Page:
Notebooks 1:303 is a bit of Latin:
ingenium ei esse oppido magnum sed contumacius quam ut arte regi posset; dictionem ingenio parem, animosam, et imamoenam tragice que ferulem.Kathleen Coburn translates this, although she doesn't quite get it right: ‘[that] town has a great genius, but more insolent than could be commanded by art—a style equal to genius, proud, gloomy, and tragically dangerous.’ In fact, for reasons that will become clear, oppidum can't mean town here, but must be a way of saying something like ‘edifice, construction’, or more likely ‘assemblage, collection’. I offer my translation of the Latin at the end of this blogpost.
Coburn can't identify where it's from. In fact it is Famiano Strada, a seventeenth-century Roman Jesuit, and he's talking not about any city but about the poet Lucan and his epic poem of Roman civil war the Pharsalia. The Latin is originally from Strada's Eloquentia bipartita (1655), [p.368 in fact] but that's not where Coleridge came across it. We can be sure of this because Strada actually wrote not ‘animosam, et imamoenam’ but ‘animosam, peracutam, eruditam et imamoenam’. The specific phrasing that Coleridge wrote down in his Notebook evidently derives from the Critical Review for 1797 (p.462) and a review of The Rural Lyre; a Volume of Poems (1796) by Ann Yearsley, a former Bristol milk-maid who had found fame as a poet. This is how the review opens:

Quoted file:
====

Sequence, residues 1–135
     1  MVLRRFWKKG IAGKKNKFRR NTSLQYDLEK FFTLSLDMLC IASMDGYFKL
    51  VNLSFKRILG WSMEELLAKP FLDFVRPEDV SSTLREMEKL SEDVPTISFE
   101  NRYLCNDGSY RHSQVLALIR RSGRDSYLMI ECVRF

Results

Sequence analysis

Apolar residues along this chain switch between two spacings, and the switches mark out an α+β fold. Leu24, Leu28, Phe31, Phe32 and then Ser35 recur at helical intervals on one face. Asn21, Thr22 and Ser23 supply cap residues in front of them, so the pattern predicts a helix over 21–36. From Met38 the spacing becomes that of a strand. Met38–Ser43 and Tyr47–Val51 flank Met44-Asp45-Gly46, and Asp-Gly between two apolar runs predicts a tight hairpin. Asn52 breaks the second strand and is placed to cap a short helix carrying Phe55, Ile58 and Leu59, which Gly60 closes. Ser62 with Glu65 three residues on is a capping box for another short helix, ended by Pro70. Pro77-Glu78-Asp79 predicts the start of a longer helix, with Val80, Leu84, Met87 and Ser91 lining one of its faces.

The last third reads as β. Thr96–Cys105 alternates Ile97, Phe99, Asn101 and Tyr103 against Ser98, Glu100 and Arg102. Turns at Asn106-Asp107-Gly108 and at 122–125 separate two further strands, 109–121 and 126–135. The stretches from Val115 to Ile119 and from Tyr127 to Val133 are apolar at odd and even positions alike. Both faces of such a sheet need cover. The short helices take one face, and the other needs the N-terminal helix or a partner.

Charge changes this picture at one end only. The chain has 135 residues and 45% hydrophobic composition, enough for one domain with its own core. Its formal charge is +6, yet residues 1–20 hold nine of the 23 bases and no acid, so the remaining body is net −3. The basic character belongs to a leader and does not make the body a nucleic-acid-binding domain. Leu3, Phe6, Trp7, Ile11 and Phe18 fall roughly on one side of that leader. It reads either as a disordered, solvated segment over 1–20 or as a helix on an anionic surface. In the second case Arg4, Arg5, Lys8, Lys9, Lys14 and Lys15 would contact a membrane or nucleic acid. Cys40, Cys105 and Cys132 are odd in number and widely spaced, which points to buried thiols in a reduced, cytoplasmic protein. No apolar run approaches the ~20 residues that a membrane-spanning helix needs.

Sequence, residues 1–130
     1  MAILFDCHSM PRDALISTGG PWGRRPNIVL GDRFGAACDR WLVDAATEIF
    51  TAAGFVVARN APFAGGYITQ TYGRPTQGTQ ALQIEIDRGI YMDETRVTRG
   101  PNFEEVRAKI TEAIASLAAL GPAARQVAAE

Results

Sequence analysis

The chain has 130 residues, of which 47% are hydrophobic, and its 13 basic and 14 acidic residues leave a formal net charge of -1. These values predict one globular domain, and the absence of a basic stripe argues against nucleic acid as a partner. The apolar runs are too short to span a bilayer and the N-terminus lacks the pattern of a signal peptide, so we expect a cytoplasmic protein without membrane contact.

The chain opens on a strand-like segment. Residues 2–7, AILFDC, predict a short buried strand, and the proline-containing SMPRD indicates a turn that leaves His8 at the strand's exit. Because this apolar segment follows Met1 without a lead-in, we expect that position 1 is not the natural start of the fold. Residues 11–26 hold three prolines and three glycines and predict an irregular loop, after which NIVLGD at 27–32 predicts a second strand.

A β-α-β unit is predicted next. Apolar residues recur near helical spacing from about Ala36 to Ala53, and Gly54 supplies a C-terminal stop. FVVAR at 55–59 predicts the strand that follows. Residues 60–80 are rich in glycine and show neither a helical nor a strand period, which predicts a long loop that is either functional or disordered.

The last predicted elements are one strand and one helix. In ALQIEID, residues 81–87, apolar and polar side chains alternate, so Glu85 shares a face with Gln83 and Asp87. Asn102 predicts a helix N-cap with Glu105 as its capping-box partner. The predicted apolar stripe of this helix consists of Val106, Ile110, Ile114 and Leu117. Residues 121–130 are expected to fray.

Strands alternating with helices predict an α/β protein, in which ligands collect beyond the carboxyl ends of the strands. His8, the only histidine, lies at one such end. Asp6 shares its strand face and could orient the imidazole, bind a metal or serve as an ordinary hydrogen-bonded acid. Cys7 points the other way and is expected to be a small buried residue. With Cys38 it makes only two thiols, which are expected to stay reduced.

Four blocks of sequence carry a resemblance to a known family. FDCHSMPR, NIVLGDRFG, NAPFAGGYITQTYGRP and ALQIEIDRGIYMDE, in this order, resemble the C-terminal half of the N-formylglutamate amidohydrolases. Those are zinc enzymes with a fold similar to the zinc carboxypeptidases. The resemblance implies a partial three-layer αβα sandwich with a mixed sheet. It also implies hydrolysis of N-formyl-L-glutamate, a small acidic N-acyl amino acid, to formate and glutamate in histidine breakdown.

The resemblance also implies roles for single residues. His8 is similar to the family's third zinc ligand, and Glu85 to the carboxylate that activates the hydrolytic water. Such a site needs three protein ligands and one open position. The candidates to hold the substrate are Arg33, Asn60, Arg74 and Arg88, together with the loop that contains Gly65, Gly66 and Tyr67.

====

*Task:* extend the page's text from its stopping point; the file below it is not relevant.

This is interesting for a couple of reasons. One is that it means we can be sure Coleridge read this volume of the Critical Review. Another is that Coleridge perhaps knew, and certainly knew of, fellow-Bristolian Yearsley: her poems were quite famous. at least for a while; Coleridge's friend the Bristol publisher Joseph Cottle gave Yearsley money to save her from bankruptcy, and several decades after her death (in 1831) Robert Southey wrote her biography.
But my hunch is that Coleridge pulled this Latin out of the journal he was reading less because of what it says about Yearsley and more because it struck him as a description of his own poetry. As he notes in the opening chapter of the Biographia, critics had accused his first book Poems on Various Subjects (1796) of ‘obscurity’ and ‘a general turgidness of diction’. Strada could have been talking about STC's own work: ‘a collection of a more inflexible temper than can be managed by its artistry, where the style matches its author's genius: spirited, but tragically obscure and stiff.’